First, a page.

One of the greatest threats to patient data could be lurking in your inbox.
A new report has found that one in every 50 emails contains a “malicious” link — meaning they open the door to a phishing attack or malware — and they all slipped through cybersecurity systems. Mimecast Limited, a cybersecurity firm, conducted the study of more than 142 million emails, flagging 203,000 malicious links across 10 million emails.
Why does this matter for healthcare organizations? For starters, data breaches have affected 4.3 million patients in 2018, a figure that’s up from prior years. In July alone, healthcare breaches exposed the sensitive data of 860,000 people, and hacking incidents regularly affect hundreds of thousands of people each month. Phishing, meanwhile, has caused some of the industry’s worst breaches, including a case where 1.4 million patients in Iowa saw their information compromised.
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Today’s report highlighted a range of cyberthreats. Mimecast found, for instance, an 80 percent increase in impersonation attacks, resulting in 41,605 caught attempts. Another 13,176 emails harboring “dangerous file types” and 15,656 malware attachments made it through security safeguards — along with more than 19 million pieces of spam.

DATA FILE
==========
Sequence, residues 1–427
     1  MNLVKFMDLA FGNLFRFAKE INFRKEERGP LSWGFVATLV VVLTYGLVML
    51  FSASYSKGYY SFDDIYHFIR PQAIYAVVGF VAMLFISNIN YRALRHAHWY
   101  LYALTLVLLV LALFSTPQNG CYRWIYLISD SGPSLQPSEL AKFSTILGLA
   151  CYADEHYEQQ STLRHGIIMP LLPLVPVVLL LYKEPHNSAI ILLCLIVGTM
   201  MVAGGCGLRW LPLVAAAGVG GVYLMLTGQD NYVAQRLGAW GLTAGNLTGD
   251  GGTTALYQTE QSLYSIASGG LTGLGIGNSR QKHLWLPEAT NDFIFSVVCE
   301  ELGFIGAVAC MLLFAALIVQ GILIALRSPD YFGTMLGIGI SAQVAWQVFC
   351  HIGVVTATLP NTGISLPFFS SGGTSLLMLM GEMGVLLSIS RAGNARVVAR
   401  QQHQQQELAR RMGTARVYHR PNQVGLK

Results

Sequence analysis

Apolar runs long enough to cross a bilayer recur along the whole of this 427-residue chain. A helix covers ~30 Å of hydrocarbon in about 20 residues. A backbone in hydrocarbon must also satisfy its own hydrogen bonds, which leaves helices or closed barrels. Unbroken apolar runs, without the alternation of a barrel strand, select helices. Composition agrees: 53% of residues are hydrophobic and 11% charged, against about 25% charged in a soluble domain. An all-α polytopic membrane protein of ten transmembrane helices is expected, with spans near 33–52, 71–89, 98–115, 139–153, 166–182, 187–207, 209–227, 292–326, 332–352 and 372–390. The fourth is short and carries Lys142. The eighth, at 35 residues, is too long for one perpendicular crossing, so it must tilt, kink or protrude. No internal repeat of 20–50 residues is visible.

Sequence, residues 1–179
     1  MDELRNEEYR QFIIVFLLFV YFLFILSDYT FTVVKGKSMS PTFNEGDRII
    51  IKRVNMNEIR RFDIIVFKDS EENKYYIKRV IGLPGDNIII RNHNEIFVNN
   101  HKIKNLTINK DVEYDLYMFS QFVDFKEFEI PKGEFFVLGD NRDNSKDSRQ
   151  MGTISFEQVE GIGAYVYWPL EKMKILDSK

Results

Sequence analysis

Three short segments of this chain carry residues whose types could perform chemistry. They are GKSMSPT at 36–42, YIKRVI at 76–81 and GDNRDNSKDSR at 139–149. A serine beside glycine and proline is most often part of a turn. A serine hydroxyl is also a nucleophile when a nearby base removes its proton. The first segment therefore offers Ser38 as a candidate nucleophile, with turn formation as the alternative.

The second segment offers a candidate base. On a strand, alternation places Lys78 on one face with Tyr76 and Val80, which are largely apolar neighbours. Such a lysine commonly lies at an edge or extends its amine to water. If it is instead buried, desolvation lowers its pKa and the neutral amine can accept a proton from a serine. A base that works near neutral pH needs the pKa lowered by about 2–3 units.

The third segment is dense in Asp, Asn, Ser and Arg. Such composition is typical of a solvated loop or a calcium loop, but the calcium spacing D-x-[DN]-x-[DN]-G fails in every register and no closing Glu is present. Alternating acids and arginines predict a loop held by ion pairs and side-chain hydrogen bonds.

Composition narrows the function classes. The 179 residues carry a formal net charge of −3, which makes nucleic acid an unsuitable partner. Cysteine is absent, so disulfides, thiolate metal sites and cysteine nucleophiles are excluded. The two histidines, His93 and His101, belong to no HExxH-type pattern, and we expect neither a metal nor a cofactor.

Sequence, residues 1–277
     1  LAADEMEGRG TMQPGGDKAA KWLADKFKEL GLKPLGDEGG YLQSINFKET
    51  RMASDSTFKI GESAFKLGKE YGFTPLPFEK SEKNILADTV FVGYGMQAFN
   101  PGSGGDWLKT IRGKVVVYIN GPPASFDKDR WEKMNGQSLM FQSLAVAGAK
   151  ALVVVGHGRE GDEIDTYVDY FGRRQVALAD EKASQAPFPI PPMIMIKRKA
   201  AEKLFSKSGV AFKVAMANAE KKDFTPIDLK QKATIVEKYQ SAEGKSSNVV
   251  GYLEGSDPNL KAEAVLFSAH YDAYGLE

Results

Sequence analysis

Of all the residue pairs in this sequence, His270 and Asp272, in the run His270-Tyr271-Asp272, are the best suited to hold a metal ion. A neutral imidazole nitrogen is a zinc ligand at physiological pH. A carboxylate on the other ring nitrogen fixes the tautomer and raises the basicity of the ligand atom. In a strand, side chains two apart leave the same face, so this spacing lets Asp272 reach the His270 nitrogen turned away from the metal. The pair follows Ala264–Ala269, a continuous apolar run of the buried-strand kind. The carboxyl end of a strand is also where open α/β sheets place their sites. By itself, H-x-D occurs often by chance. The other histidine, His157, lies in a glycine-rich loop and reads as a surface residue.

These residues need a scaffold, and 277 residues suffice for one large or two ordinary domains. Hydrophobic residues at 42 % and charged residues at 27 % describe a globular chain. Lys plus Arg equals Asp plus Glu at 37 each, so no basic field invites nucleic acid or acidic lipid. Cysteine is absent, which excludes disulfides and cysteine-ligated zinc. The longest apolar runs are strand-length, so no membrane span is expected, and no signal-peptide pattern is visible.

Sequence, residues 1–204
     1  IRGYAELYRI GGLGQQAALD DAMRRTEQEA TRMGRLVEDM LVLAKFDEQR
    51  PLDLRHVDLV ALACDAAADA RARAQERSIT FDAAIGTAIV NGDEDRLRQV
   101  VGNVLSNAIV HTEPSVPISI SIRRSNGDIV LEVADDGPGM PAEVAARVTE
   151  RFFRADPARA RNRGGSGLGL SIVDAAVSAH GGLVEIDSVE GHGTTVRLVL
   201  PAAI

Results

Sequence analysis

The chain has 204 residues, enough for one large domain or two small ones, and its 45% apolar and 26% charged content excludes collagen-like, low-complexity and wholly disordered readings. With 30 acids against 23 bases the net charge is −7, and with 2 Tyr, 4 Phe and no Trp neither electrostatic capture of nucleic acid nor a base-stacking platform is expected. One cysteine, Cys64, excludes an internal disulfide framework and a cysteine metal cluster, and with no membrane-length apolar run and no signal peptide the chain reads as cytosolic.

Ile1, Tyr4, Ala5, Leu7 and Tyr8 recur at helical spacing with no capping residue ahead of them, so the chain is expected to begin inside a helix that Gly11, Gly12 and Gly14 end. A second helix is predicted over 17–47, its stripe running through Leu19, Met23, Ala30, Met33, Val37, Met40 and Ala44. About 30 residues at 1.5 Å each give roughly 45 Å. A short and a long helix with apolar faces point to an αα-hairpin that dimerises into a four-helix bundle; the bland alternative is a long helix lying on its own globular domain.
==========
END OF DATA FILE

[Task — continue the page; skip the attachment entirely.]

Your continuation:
“Targeted malware, heavily socially-engineered impersonation attacks and phishing threats are still reaching employee inboxes,” Matthew Gardiner, a cybersecurity strategist for Mimecast, said in a statement. “This leaves organizations at risk of a data breach and financial loss.”
Although healthcare isn’t alone in facing these threats, it occupies a unique place in hackers’ hearts. For one, medical records sell for more money on the dark web than credit card numbers and other sensitive data, experts have said. What’s more, a successful cyberattack can bring down healthcare systems, affecting everything from electronic health record systems to medical devices, which can harm care. Because of this, hackers acting on behalf of enemy nations have come to see healthcare institutions as targets in cyberwarfare.
Mimecast, of course, recommends its solutions as the answer to cyberthreats in the inbox. But given healthcare’s web of regulatory requirements, experts have stressed the need for a multipronged approach, planned ahead of any attack, involving in-house cybersecurity employees. It’s also imperative to set up defenses against company insiders, as they have emerged as key contributors to healthcare’s rise in data breaches.
The price of inaction — and falling victim to, say, a phishing or ransomware attack — is high. Every month, dozens of healthcare organizations report data breaches to the federal government, and that often means steep financial costs and reputational harm.
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